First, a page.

Of course, Majime himself and his dynamic with outgoing colleague Masashi Nishioka is an exception. Both Majime's growth as a more self confident man and Nishioka's acceptance of Majime as a good friend was well fleshed out. More of a disappointment, however, was senior editor Kohei Araki - his mentoring 'role' was more exposition than anything. Would have loved to see it come into fruition.
All in all, The Great Passage is a middle-to-good show that certainly is above the generic SoL or literature anime. Traversing the vast sea of words with Majime and the gang encapsulated a singular set of emotions that I've never felt anywhere else. What it lacks though are the exact same ingredients that would have transformed it into a great piece of media, and that is a bitter pill to swallow.
Strong Seven. This is one aspect of this anime that I feel very conflicted about. One the one hand, the plot is tied into a very neat package, and has a solid , no-fuss structure from start to finish. On the other hand, the content itself... it is hard to deny that even for a person tailor made for this anime, my attention flagged quite a bit on more than a few occasions.
(Japanese): Decent Seven. I don't really see much merit on awarding a lower score for a competently done job. I also do not know why it would deserve any better, considering it isn't much out of the ordinary. Except for capturing Majime's overawed diffidence - this is done fantastically although a little too OTT at some places.
Decent Eight. Much like Kids on the Slope from last month, TGP succeeds exceedingly at presenting their characters as someone who you'd most certainly bump into the street. Alongside that, you have very clear-cut backstories for the cast - working with a spartan set of characters definitely helped with this.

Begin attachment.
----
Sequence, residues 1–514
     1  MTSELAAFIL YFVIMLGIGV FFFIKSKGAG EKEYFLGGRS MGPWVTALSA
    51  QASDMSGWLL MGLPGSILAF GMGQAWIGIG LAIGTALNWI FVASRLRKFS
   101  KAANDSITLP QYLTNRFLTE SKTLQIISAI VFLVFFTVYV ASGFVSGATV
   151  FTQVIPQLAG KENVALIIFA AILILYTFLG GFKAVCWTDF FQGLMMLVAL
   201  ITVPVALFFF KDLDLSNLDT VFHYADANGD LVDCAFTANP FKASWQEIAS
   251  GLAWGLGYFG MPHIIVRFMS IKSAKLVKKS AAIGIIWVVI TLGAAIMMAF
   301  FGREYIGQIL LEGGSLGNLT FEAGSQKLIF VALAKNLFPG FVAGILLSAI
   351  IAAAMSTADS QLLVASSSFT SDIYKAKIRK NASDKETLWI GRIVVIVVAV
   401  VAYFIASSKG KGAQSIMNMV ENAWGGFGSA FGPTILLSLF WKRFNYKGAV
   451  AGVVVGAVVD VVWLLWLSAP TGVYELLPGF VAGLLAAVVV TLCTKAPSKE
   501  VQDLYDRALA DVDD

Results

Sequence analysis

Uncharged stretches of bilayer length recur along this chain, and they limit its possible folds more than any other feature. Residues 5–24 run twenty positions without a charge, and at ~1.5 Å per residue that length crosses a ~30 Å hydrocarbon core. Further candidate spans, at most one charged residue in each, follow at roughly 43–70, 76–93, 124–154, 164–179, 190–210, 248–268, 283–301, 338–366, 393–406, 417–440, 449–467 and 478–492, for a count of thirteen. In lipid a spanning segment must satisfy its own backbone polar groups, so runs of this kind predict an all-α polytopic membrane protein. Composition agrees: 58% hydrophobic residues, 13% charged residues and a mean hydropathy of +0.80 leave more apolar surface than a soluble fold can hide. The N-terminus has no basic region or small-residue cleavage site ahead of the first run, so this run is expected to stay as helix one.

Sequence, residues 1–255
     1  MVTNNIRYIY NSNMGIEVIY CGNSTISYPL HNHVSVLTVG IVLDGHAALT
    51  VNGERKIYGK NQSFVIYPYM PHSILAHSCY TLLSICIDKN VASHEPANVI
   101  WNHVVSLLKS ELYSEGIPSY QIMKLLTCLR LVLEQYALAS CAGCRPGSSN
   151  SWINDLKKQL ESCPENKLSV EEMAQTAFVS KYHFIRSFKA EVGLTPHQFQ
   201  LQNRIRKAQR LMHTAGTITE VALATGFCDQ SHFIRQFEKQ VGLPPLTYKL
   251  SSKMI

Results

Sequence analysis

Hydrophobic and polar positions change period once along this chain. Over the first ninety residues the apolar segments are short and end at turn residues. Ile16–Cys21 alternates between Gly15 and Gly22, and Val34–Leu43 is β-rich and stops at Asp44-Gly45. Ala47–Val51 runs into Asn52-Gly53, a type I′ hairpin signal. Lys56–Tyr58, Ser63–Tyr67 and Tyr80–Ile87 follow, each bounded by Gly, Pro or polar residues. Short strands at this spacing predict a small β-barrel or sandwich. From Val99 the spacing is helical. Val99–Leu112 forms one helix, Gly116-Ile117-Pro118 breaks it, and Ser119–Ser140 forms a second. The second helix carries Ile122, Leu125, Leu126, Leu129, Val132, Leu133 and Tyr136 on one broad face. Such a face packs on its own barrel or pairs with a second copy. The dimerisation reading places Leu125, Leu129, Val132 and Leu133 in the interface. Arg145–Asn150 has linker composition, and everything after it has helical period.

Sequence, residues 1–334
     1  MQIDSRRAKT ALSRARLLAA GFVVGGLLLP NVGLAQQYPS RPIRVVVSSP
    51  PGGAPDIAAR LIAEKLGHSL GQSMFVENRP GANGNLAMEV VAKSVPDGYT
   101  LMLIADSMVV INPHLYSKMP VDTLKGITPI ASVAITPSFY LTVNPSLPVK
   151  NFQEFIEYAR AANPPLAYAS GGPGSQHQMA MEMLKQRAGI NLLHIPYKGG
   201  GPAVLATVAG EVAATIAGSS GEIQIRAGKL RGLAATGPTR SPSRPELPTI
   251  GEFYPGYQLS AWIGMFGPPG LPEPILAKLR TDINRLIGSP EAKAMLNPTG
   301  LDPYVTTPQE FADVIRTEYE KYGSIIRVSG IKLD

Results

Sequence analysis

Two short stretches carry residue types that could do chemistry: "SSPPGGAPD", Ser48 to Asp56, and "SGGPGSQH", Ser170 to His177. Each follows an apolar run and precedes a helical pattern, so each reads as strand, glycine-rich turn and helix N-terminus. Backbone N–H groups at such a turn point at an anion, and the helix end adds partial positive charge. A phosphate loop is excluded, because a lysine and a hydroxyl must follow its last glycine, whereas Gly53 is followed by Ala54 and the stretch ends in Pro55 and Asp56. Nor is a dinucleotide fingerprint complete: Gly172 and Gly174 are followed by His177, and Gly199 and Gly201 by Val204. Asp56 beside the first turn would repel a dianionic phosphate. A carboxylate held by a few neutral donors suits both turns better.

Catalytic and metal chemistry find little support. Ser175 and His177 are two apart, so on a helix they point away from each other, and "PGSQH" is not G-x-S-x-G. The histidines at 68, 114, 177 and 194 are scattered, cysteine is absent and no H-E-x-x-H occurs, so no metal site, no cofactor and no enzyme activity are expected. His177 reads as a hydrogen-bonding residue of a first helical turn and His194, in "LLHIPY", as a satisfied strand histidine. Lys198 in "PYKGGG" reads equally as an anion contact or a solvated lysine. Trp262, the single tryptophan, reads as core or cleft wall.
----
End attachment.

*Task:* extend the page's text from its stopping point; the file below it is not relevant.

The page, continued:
Seven. Tried and tested, decent to look at. Pretty...pretty generic.
(But it is pretty sometimes, yes.) Plus the scenery isn't too bad to look at.
Decent Eight. Again, it's an anime from the recent past and makes full utility of the technology at its disposal - very fluid motion. Also, none of the keyframes feel lazily done - there's almost something happening all the time, either in the fore or background. Evidence of some very hardworking animators. The visualization of Majime's dreams, however... ehh I'm on the fence for most of it.
Light Seven. When the OP itself seems to stand on shaky ground, you tend to get worried about the musical suites. Thankfully, they aren't horrendous by any means - mostly comfortable being mediocre to slightly above average.
Overall Weighted Score: 7.83
The Great Passage certainly isn't a disappointment: in fact, I have emerged from the viewing experience perhaps more impressed by this show than I thought I would be. As an earnest look into an aspect of literature seldom thought of, and in a highly digestible eleven episode format, The Great Passage definitely serves well as a carefree watch on a summer morn.
Binge-worthy? Oh, why not?